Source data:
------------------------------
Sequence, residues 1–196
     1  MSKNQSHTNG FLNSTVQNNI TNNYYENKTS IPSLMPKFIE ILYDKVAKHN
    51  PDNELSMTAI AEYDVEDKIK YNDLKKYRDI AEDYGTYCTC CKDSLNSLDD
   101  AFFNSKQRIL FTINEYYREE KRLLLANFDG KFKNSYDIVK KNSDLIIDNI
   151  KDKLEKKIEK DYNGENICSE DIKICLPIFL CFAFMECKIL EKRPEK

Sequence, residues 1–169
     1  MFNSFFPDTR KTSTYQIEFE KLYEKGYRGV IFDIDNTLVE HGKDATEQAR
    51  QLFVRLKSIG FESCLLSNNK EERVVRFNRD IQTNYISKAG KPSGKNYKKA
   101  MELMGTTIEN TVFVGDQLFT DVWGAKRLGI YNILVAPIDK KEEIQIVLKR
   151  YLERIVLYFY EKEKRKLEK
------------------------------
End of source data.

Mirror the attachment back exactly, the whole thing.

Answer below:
Sequence, residues 1–196
     1  MSKNQSHTNG FLNSTVQNNI TNNYYENKTS IPSLMPKFIE ILYDKVAKHN
    51  PDNELSMTAI AEYDVEDKIK YNDLKKYRDI AEDYGTYCTC CKDSLNSLDD
   101  AFFNSKQRIL FTINEYYREE KRLLLANFDG KFKNSYDIVK KNSDLIIDNI
   151  KDKLEKKIEK DYNGENICSE DIKICLPIFL CFAFMECKIL EKRPEK

Sequence, residues 1–169
     1  MFNSFFPDTR KTSTYQIEFE KLYEKGYRGV IFDIDNTLVE HGKDATEQAR
    51  QLFVRLKSIG FESCLLSNNK EERVVRFNRD IQTNYISKAG KPSGKNYKKA
   101  MELMGTTIEN TVFVGDQLFT DVWGAKRLGI YNILVAPIDK KEEIQIVLKR
   151  YLERIVLYFY EKEKRKLEK